[I showed a few panels from Thor: God of Thunder #12]

-Thor drinks with friends. Ok, maybe not too surprising; he is a Viking god after all. Though I seem to recall another story about a son of God who made sure a party he was at didn’t run out of good drink…

-Thor visits a friend on death row and brings him his last meal.

-Thor brings food to seemingly orphaned children.

-Thor entrusts nuns with the seeds of an extinct orchid.

-Thor sits and talks with the proverbial wise man at the top of a mountain.

-Thor drinks with wounded soldiers; brings rain to dry land; scatters a crowd that claims “God hates you”; and hangs out with some fishermen.

-like a good celebrity, Thor responds to video invitation to attend a ball

-Thor grieves with a former girlfriend who is dying of cancer.

-Finally, far ahead in the future, Thor returns to Midgard…no matter how much it pains him.

Thor learns from and is inspired by his interactions with people on earth. The son of the highest god belongs on earth.

So what is the gospel according to Thor? Seems like it is “bring light and life into dark and dying places.”

“I could use a good saving the world story,” said Jane Foster as she was dying of breast cancer.

We need stories that inspire us; stories that remind us that hope doesn’t die; stories that remind us that fear, intimidation, injustice, oppression, and even death – as ubiquitous and implacable as they may seem – do. Not. Have. The. Last. Word.

As Julie Clawson writes, “We need as a culture to see that if we are creative and brave enough sometimes the biggest and baddest dragons can be defeated. Only story could do that for us.

Julie also points us to this quote from author Gerard Jones:

For young people to develop selves that serve them well in life, they need modeling, mentoring, guidance, communication, and limitations. But they also need to fantasize, and play, and lose themselves in stories. That’s how they reorganize the world into forms they can manipulate. That’s how they explore and take some control over their own thoughts and emotions. That’s how they kill their monsters.

Or consider this from CS Lewis:

“Since it is likely that children will meet cruel enemies, let them at least have heard of brave knights and heroic courage.”

Stories within stories within stories.

In Matthew, Jesus has gone through the water via his baptism, has been sent by the Holy Spirit into the wilderness to be tempted, and is about to, in chapter 5, go up on a mountain (of sorts) to offer his fresh take on God’s law.

Through the water –> into the wilderness —> up the mountain… remind you of anything??

Matthew references Isaiah. Isaiah references Judges and the story of Gideon. And really, what is the book of Judges if not tales of superheroes? Men and women who display immense courage, who overcome their fear and their people’s fear, to defeat an enemy.

Gideon’s story is one of Israel’s deliverance from oppression – and all such stories of deliverance are references to the Exodus, when God delivered the Hebrews out of slavery in Egypt.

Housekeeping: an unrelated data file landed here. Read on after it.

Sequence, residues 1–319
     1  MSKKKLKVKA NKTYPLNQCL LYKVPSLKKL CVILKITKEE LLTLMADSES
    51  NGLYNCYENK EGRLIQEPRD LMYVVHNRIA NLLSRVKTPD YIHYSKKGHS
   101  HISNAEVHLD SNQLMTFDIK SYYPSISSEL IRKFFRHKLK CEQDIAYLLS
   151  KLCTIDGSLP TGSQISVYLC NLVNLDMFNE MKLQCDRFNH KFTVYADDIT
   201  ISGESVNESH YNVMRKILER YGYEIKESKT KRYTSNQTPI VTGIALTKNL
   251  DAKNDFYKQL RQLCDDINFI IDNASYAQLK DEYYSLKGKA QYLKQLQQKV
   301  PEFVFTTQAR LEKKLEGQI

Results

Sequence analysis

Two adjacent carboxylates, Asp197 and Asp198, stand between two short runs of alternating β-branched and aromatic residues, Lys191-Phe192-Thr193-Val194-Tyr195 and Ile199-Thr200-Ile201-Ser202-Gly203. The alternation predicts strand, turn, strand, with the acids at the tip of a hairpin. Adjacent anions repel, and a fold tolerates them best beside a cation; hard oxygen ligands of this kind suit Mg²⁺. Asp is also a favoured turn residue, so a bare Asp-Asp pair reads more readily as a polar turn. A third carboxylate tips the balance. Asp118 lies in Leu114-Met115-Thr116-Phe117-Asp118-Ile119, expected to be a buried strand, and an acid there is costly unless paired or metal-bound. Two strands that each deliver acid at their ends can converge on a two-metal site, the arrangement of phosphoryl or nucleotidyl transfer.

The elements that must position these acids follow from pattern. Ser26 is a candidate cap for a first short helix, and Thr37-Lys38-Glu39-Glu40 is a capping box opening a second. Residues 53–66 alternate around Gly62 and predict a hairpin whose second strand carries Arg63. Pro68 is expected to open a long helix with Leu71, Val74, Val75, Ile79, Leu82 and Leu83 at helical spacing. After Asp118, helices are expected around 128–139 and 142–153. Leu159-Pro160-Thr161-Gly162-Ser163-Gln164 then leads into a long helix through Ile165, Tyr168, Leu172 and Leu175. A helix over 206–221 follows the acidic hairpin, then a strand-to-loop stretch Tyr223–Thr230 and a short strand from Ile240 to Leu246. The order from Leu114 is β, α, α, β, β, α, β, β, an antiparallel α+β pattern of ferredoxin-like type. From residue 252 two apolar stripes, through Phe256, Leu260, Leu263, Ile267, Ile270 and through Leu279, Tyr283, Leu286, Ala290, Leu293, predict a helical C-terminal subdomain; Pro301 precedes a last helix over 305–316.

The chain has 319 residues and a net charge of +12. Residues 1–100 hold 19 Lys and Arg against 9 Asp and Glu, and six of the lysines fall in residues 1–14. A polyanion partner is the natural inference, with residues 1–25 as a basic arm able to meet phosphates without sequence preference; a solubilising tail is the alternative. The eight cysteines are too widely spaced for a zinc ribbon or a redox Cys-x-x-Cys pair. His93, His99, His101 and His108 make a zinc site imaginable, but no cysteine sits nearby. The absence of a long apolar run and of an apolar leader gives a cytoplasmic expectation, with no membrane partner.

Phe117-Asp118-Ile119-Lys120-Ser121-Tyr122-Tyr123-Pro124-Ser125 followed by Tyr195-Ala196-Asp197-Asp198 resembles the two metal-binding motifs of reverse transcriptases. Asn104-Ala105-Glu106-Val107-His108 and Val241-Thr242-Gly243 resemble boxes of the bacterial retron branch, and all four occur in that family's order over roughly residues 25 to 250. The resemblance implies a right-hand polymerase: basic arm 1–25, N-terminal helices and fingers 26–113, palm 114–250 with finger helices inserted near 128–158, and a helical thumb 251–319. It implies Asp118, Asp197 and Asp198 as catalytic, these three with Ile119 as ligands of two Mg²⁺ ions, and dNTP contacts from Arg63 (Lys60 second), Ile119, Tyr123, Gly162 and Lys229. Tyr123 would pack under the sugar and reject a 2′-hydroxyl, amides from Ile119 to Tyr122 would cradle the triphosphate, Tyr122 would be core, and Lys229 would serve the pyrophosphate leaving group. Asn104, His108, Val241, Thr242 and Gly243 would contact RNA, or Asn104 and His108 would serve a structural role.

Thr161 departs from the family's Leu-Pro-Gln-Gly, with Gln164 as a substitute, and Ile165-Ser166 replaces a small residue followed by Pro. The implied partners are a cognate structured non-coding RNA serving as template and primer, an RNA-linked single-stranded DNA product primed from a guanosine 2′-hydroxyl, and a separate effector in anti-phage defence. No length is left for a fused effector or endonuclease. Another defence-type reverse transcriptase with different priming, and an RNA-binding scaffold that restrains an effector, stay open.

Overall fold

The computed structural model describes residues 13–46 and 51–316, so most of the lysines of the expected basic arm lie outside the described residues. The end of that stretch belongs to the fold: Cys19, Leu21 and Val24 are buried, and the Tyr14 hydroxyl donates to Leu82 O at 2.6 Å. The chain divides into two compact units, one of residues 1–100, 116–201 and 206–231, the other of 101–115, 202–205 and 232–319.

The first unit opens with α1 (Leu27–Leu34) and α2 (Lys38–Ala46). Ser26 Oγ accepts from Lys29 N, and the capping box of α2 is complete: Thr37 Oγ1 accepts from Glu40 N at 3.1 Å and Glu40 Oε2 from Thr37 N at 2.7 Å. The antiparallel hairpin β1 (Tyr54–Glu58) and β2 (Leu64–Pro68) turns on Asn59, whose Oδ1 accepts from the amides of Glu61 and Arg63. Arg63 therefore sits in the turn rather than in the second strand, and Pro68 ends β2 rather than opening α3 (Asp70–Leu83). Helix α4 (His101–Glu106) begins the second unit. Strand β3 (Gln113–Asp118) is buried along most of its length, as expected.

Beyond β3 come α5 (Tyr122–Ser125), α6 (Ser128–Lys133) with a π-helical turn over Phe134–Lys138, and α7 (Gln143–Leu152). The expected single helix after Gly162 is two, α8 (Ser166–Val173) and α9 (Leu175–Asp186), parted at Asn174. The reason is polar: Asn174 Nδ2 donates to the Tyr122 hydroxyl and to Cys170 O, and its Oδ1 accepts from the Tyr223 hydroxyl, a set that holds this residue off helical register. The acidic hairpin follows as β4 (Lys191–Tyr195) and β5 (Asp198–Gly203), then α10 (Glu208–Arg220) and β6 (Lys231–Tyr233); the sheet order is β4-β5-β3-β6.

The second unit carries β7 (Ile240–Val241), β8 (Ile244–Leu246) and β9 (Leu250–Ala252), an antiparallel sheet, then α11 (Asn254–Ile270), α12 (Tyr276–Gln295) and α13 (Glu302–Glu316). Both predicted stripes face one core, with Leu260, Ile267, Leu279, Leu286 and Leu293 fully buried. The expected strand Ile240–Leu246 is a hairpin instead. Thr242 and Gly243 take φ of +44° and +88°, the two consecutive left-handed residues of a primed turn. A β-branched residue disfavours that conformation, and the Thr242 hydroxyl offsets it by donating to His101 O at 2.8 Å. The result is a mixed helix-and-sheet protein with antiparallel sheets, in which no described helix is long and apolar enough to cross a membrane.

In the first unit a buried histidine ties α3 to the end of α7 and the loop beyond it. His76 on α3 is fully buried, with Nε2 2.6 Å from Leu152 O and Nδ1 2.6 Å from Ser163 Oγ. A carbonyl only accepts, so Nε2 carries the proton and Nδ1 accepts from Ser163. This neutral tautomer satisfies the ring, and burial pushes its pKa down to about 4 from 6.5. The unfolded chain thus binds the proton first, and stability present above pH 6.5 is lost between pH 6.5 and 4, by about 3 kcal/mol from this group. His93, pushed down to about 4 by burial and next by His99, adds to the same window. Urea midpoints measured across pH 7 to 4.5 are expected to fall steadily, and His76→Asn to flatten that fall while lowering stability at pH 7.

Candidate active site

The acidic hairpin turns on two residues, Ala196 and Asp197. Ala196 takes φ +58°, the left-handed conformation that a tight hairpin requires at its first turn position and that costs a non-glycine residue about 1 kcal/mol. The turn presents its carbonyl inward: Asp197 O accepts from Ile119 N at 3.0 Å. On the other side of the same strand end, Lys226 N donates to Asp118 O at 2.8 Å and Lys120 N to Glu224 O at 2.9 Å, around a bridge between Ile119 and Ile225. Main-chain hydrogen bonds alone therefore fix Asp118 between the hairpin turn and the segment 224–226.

So we’ve come full circle once again, from Jesus back to the Exodus, God’s great deliverance of God’s people.

Stories within stories within stories.

There is a shadow side to superhero stories: apathy. If we are so wrapped up and addicted to the need for a super power to save us – whether religion, technology, or political platform – we might never live the courageous path the stories inspire us to take.

(paraphrased from Kester Brown: “We need also to let go of our hope that some other superpower—whether religion, technology or a political formulation—will bring eternal peace and equilibrium.” and Julie Clawson)

God continues to delivery us from oppression and misery. God does that by continually calling us to live lives of grace and peace and hope. God loves us and call us to live lives of love.

Do you know that? I mean really know that in the very center of your self? That at the core of your identity you are God’s beloved child? No matter who you are or who you aren’t; no matter who your parents are or who they aren’t; no matter what you’ve done or what you’ve left undone…you are God’s beloved child. Do you know that?

Well the story isn’t over. Because you are also called by God. You are called by God to be God’s agents in the world – this world, our world, God’s world.

One biblical commentator wrote, “God designates human agents whom God empowers and authorizes in the public process of history. Such human agents turn the public reality of politics and economics toward the will of God.”

You are called by God to be agents in the world fighting, what are our vows?, “fighting evil and oppression in whatever form they present themselves.”

Frankly, there’s plenty of evil to go around. Not to go all “We didn’t start the fire on you”, but we know the big evils:

-1 Billion w/o clean safe water

-800 million hungry

-27 million trapped in slavery

-1 in 5 women sexually assaulted

-climate already 50 parts per million above sustainability